The IRS provides many payment options for taxpayers who have unpaid, delinquent tax debt. As tax laws are often complicated, it is a wise course of action to consult with a tax professional to learn more about these options. One such option that is a useful tool is an Offer-In-Compromise (OIC). Here are some frequently asked questions and answers about OICs.
An offer in compromise allows taxpayers to settle tax debt for less than the full amount owed. It may be an option if taxpayers are unable to pay their full tax liability or doing so creates a financial hardship. The IRS considers a taxpayer’s unique set of facts and circumstances based on the ability to pay, income, expenses, and asset equity.
Typically, the IRS approves an offer in compromise when the amount offered represents the most the IRS may expect to collect within a reasonable time. The IRS recommends that taxpayers explore all other payment options before submitting an offer in compromise. Because the Offer-In-Compromise program applies only to some taxpayers, consult a tax professional for guidance and assistance in filing an offer.
*What happens if I do not calculate my offer correctly or my offer is not high enough?
The IRS calculates the correct amount for an offer. If more than a taxpayer’s offer and there are no special circumstances, the IRS will provide the taxpayer with an opportunity to increase the offer amount. If the offer is not increased accordingly, the offer will be rejected. If the IRS finds that the taxpayer has the means to pay the tax liability in full, the taxpayer may request to make payments through an installment agreement. Because the IRS reviews every OIC for fraud, submitting an OIC that contains false information, or making a false statement to the IRS, constitutes fraud and subjects the taxpayer to civil or criminal penalties.
*What are my options if I disagree with the IRS valuation of my ability to pay?
Taxpayers may provide additional verification or documentation to support a different valuation to the IRS during its OIC investigation. Taxpayers may also request a telephonic conference to discuss areas of disagreement. An experienced tax professional may provide valuable assistance in helping taxpayers sort through and meet the requirements related to OIC approval. Also, certain disputes may qualify for an expedited review known as Fast Track Mediation, which is not binding on either party. However, certain cases and issues are not eligible for Fast Track Mediation. Note that Fast Track Mediation does not apply once a rejection letter has been issued.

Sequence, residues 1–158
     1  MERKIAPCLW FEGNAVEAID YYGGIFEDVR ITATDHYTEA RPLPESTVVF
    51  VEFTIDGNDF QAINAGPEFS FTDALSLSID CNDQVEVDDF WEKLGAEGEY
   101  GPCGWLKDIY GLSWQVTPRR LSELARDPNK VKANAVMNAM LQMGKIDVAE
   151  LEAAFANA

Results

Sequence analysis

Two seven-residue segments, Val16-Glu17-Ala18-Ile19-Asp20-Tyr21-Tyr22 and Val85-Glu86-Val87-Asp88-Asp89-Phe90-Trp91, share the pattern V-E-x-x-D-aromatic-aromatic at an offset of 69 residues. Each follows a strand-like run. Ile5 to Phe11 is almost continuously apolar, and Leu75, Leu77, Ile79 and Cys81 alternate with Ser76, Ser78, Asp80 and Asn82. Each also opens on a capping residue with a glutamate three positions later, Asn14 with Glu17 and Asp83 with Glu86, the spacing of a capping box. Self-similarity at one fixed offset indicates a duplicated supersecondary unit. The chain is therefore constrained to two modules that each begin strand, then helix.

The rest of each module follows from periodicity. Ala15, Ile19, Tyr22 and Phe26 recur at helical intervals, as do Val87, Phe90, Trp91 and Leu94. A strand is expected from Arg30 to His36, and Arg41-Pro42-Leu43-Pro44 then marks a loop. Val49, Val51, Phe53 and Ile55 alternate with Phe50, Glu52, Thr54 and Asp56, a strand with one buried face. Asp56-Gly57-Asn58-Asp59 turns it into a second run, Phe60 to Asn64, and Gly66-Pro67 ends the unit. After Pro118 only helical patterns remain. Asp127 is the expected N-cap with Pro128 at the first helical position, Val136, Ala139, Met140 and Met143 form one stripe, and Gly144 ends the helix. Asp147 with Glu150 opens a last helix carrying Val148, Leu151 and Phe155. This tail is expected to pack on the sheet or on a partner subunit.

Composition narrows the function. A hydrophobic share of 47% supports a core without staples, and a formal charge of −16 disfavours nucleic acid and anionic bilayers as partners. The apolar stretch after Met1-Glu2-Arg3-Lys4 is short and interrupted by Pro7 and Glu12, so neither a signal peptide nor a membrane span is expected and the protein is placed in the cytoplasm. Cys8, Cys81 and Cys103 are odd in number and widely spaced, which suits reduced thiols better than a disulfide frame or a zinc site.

*How does an open audit affect an offer?
The IRS will not complete any investigation of an OIC while there is a pending claim or an open audit of any tax year on which tax liability is owed. The IRS recommends that taxpayers who submit claims requesting relief under innocent spouse provisions should wait for the resolution of these matters before submitting an OIC. Also, taxpayers who are notified that a tax year will be audited, or currently have a tax year under audit, should wait for the resolution of these matters before submitting an OIC. If an offer is submitted nonetheless, there is the risk that the IRS will not complete investigation of the OIC due to any pending audit or claim, the offer may be returned and the IRS will not refund any submitted payments and application fees.
*Must I file all required tax returns before submitting an OIC? Do I need to be current on my federal tax deposits?
Taxpayers must file all tax returns that they are legally required to file for personal or business taxes. Taxpayers who have a valid extension and have made their required payments will be considered current for this unfiled return. An extension does not extend the time to pay taxes, only to file the return.
*May I file an OIC while in bankruptcy?
No. once a taxpayer receives a discharge as a bankruptcy debtor and the bankruptcy case is closed, an OIC may be filed.
*How will my payments be applied?
Taxpayers may designate the tax debt to which they would like to apply their offer payment(s) when the offer is submitted or when the payment is made. Taxpayers may not designate the application fee, or any payment after the offer is accepted by the IRS. If no written designation is made, the IRS will apply any offer payments in the best interest of the government.
*Will my payments be returned by the IRS if my offer is not accepted?
No. Offer payments that must be sent with the offer are not refundable. However, any amount more than the required amount will be refunded if it is designated as a deposit on the OIC form.
*My offer was rejected, what are my options?
If a taxpayer disagrees with the rejection of his or her OIC, he or she has 30 days from the date on the rejection letter to appeal the decision. If a taxpayer agrees with the rejection, he or she may send full payment of the tax debt to avoid additional interest and penalty or request an installment agreement to pay the tax debt.
Note: Effective April 27, 2020: The application fee for Offer in Compromise is $205 unless a taxpayer qualifies for the low-income certification or submits a Doubt as to Liability offer. All Offer applications must be received on Form 656 with a revision date of April 27, 2020. The updated Form 656 includes new low-income certification guidelines and instructions.
The Gartzman Law Firm may help anyone interpret the effects of these extensions and amendments on their tax obligation. The Gartzman Law Firm may help taxpayers find effective solutions that may help any taxpayer solve problems with unpaid taxes and find relief. Call today at (770) 939-7710.